Having arrived home, I have found the time to read some of Thucydides' history of the Second Pelopennesian War (which is good, since we covered it in class some weeks ago). It is interesting that, though the Athenian invasion of Sicily is widely considered the classic case of "imperial overstretch," all told it had a very good chance of succeeding. Even given the thin support of the local Sicilians against Syracuse, Athens had sufficient resources to threaten the city with capture.
The major reason for the invasion's failure was that certain factions in Athens turned on one of its generals, Alcibiades, and unjustly charged him with crimes against the city. He then defected to Sparta rather than submit to arrest and trial, and advised the Spartans to support Syracuse against Athens. Without this support, Syracuse would almost certainly have fallen; even with it, an aggressive general like Alcibiades may well have won victory where the more cautious Nicias did not.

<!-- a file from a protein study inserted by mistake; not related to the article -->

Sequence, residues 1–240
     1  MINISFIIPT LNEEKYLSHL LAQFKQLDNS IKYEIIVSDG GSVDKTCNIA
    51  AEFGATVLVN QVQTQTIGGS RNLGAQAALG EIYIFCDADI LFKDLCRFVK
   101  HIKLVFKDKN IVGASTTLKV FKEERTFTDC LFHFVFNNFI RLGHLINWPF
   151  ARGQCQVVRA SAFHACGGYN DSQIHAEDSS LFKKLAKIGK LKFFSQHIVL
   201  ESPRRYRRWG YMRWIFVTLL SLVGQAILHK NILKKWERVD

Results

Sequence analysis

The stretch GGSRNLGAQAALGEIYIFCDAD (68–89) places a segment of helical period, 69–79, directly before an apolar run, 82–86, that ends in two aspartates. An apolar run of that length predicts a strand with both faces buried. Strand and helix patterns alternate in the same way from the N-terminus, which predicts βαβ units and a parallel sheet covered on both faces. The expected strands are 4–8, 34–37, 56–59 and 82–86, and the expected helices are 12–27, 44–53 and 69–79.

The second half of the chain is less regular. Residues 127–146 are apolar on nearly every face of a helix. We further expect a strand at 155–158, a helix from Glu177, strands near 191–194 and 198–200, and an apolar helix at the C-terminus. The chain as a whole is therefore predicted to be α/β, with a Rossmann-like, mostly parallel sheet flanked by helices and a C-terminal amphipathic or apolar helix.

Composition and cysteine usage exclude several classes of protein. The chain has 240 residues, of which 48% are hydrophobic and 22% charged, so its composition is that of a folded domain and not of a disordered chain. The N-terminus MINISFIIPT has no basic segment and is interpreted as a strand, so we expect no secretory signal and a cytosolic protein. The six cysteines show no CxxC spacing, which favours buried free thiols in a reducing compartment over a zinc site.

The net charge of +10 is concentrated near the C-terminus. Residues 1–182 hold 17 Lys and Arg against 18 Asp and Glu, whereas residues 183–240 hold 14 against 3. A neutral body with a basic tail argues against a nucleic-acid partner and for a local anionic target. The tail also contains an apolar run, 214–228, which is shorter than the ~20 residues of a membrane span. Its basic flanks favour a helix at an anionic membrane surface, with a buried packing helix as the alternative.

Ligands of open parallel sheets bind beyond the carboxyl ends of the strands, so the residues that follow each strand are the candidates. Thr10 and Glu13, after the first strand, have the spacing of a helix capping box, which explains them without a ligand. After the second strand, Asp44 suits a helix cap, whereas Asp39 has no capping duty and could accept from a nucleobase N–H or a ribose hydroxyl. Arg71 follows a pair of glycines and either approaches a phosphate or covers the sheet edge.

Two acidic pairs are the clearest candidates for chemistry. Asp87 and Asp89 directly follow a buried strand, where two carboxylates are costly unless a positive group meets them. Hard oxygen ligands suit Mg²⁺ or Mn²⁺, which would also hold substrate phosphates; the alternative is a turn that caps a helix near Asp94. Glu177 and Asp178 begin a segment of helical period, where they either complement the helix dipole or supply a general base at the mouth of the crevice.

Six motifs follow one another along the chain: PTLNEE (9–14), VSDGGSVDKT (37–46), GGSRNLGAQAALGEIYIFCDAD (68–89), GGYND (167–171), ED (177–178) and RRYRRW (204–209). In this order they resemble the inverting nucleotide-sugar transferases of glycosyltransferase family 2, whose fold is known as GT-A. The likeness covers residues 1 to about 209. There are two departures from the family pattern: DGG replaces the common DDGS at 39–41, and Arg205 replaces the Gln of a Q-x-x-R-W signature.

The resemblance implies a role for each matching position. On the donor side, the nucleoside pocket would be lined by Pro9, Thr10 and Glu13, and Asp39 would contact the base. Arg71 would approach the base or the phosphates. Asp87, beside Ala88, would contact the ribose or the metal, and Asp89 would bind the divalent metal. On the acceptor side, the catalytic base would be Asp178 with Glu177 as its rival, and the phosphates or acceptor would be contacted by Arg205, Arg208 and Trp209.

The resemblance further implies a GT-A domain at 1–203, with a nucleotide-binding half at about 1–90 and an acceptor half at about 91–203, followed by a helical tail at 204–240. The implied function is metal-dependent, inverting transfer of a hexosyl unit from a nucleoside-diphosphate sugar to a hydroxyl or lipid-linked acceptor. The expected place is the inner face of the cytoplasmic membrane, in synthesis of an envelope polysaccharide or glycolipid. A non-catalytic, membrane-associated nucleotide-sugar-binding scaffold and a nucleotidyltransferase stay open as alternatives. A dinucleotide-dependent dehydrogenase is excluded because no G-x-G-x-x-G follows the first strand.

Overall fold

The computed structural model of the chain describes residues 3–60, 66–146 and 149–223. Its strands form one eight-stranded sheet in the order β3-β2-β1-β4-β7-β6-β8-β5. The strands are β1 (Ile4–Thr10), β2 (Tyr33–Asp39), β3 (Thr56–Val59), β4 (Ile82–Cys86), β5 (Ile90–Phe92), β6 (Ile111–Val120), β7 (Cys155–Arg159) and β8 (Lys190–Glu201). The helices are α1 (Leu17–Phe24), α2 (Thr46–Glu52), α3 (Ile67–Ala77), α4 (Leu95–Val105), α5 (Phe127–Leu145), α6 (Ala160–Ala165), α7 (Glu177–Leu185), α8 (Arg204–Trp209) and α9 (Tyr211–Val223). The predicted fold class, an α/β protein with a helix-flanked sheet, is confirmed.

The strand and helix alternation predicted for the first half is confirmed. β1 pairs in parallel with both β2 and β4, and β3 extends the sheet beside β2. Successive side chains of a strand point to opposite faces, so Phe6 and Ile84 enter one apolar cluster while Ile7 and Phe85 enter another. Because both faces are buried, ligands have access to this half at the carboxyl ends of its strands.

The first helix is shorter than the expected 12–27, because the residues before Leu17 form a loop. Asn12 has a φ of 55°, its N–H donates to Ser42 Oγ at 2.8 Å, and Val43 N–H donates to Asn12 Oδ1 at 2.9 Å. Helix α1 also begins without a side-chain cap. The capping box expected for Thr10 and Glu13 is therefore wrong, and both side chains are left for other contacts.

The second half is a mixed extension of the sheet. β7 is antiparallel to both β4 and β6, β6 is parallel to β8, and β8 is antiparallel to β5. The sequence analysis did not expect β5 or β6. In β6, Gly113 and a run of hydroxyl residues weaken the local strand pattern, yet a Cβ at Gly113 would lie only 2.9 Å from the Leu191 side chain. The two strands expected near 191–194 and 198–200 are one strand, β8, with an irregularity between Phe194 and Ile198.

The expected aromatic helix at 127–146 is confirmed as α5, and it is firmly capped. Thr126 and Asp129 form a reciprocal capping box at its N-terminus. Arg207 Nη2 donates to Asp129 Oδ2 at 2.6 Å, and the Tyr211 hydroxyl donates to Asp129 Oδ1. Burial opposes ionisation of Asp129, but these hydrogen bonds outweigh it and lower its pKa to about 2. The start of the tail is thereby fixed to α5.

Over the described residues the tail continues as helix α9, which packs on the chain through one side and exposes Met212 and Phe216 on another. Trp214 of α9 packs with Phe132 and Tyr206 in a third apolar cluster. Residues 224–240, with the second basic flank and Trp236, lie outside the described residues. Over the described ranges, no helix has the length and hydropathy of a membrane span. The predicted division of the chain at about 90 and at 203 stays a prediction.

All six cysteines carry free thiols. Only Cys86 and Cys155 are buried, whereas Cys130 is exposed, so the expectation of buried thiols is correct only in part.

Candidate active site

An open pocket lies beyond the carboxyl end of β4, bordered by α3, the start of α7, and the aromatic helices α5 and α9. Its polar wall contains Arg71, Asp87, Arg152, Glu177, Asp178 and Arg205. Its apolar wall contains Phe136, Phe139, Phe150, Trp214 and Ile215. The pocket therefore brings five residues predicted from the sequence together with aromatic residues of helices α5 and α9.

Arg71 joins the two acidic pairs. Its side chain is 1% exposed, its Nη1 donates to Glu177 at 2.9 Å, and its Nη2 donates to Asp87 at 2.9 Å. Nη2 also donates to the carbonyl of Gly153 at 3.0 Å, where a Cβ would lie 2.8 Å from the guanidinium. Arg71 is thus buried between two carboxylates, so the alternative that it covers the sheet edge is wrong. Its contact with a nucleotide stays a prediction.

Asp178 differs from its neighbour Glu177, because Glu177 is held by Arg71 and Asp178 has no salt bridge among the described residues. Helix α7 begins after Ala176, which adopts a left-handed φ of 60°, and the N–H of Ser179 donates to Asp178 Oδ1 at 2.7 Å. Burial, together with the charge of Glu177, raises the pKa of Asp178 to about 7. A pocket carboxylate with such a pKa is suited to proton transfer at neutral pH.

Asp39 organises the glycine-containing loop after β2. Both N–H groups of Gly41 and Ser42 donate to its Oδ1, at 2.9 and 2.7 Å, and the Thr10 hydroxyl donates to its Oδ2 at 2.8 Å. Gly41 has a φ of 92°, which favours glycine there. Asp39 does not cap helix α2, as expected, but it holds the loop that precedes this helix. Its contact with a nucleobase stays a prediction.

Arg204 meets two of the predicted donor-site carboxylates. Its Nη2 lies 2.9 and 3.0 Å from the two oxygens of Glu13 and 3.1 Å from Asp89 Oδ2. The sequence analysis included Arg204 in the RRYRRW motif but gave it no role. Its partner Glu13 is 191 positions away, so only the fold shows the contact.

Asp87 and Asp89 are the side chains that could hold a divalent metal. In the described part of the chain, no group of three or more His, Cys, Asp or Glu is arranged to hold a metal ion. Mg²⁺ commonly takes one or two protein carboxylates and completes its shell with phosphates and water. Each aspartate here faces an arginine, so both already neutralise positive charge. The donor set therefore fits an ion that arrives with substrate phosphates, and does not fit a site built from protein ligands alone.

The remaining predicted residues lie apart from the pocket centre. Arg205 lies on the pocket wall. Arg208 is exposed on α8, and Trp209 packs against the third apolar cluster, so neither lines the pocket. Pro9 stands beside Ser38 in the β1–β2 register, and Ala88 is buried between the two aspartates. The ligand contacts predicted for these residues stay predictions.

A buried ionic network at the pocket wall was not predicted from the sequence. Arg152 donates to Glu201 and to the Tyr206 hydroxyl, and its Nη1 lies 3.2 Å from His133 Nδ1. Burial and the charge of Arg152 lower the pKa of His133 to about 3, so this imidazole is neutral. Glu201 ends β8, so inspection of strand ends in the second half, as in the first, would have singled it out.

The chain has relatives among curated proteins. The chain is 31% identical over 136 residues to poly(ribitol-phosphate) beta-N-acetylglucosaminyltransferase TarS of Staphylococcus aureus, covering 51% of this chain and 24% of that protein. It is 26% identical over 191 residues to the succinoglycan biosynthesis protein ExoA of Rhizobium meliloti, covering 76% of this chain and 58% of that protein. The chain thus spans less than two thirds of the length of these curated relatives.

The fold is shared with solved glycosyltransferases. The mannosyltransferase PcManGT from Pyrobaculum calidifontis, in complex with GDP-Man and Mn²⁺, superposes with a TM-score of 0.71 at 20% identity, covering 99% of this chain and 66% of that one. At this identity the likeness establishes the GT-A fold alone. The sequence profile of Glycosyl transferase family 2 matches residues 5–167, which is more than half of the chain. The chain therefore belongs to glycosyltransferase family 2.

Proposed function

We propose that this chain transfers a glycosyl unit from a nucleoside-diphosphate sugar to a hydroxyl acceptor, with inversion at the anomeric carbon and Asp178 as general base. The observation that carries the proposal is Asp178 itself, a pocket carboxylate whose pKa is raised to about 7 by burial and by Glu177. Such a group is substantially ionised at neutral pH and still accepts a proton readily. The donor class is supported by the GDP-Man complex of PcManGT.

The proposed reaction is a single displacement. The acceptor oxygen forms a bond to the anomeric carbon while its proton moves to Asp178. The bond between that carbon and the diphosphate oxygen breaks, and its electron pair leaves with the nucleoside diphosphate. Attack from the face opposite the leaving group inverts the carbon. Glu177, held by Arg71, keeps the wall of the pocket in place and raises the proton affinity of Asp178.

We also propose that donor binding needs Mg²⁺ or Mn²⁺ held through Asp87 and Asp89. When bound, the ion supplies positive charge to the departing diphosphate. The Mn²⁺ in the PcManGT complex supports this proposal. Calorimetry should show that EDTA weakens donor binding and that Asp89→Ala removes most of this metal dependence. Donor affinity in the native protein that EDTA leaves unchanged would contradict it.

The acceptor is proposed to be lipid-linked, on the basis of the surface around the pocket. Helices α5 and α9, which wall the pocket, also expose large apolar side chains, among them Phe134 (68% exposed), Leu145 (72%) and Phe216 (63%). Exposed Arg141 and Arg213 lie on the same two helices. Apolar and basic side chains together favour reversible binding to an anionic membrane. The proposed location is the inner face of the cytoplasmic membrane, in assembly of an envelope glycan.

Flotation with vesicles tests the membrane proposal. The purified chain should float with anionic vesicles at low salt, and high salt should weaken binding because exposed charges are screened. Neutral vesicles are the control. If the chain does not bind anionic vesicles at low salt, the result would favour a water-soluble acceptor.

That civil discord within Athens was the main cause of her defeat is a recurring theme in Thucydides. On its strengths, Athens had every reason to expect victory in the war, as the Spartans acknowledged. Yet because the city could not unify for the greater good, it fell.
Still, we have learned nothing. Note how loudly the mob called for Secretary Rumsfeld to resign over the Abu Ghraib affair.